In reality, if the Corbyn wing of the Labour party keeps the leadership and secures control of policy making processes, then it seems likely that much of what they will suggest will be closely aligned to Green ideas – witness the recent commitement from John McDonnell to consider Universal Basic Income or Jeremy Corbyn speaking alongside Naomi Klein at the Paris climate conference. All across Europe, where old radicals have looked at the world afresh, they have adopted large chunks of the Green manifesto. 

For me, as conditions for a pact, I’d want to see an economic plan which shifted the UK away from its dependence on finance and fossil fuels, clear steps towards a more democratic economy and an end to the punishment of those with less power, including migrants and people on social security. But I would also have to accept, ultimately, that there will still be differences; that Labour won’t simply adopt the Green manifesto wholesale, and that this doesn’t mean that some kind of collaboration is impossible.

For the Green Party to allow itself to be subsumed within others would be to abdicate our responsibility to speak our truth, and Labour will never be entirely Green. Corbyn and his friends are a minute minority in the parliamentary Labour party, and it may well be that the establishment has reasserted itself by 2020. But in the last two years, the old British state has lost control of one of its two main parties and one of its two main countries. For Greens simply to pretend that this hasn’t happened would be to stand aside from history, rather than standing on the right side of it.

In recent years, the Green parties of the UK have grown in strength, size, influence and intellect. We should focus that newfound energy on replacing an elitist, brutal establishment which is ripping society apart and trashing the planet, and to do that, we must be willing to work out how best to focus our energy. It’d be easier to carry on as before. But that hasn't worked so far. And time, as they say, is running out. Stepping into the future is always tough, and Labour will find it harder than we will. But it's time to take that leap.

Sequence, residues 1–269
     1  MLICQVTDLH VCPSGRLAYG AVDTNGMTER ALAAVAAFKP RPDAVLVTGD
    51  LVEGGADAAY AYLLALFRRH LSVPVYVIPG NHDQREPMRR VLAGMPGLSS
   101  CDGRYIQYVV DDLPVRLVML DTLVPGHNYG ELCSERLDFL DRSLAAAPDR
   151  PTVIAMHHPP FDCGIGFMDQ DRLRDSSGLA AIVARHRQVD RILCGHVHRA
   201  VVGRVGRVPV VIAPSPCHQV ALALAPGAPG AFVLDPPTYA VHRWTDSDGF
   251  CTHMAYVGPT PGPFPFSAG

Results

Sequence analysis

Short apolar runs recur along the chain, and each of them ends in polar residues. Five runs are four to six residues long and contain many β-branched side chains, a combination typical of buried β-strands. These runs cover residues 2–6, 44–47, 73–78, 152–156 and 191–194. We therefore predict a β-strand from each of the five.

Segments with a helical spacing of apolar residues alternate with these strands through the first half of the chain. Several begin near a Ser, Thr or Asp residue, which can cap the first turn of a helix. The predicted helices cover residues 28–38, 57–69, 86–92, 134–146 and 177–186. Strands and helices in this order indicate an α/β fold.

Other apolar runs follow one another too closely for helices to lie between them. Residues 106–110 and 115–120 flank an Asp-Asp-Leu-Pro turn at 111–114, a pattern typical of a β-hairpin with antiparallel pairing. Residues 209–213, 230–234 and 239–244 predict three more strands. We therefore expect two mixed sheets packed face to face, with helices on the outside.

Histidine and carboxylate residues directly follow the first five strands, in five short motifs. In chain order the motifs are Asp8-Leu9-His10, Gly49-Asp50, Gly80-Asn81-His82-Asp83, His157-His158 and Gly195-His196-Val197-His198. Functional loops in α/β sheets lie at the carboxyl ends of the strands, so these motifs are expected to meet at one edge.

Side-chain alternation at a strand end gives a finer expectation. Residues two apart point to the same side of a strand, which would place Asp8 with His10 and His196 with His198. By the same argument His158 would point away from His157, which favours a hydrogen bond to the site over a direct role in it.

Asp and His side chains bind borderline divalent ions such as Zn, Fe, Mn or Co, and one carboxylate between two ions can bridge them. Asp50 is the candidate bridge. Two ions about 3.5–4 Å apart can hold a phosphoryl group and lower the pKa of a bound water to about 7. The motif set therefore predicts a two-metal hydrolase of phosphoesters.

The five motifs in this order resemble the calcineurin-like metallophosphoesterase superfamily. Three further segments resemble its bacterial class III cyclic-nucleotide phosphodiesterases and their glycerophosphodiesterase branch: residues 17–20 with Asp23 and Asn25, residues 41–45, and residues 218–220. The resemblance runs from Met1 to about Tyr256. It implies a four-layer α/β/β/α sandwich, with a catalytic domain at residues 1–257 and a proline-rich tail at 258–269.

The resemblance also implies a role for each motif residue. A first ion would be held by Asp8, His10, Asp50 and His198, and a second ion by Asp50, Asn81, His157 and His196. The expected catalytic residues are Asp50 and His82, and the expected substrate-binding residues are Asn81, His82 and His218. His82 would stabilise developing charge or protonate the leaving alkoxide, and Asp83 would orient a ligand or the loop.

Adam is a member of the Green Party.

Stop the secrecy: Publish the NHS COVID data deals


To: Matt Hancock, Secretary of State for Health and Social Care

We’re calling on you to immediately release details of the secret NHS data deals struck with private companies, to deliver the NHS COVID-19 datastore.

We, the public, deserve to know exactly how our personal information has been traded in this ‘unprecedented’ deal with US tech giants like Google, and firms linked to Donald Trump (Palantir) and Vote Leave (Faculty AI).

The COVID-19 datastore will hold private, personal information about every single one of us who relies on the NHS. We don’t want our personal data falling into the wrong hands.

And we don’t want private companies – many with poor reputations for protecting privacy – using it for their own commercial purposes, or to undermine the NHS.

The datastore could be an important tool in tackling the pandemic. But for it to be a success, the public has to be able to trust it.

Today, we urgently call on you to publish all the data-sharing agreements, data-impact assessments, and details of how the private companies stand to profit from their involvement.

The NHS is a precious public institution. Any involvement from private companies should be open to public scrutiny and debate. We need more transparency during this pandemic – not less.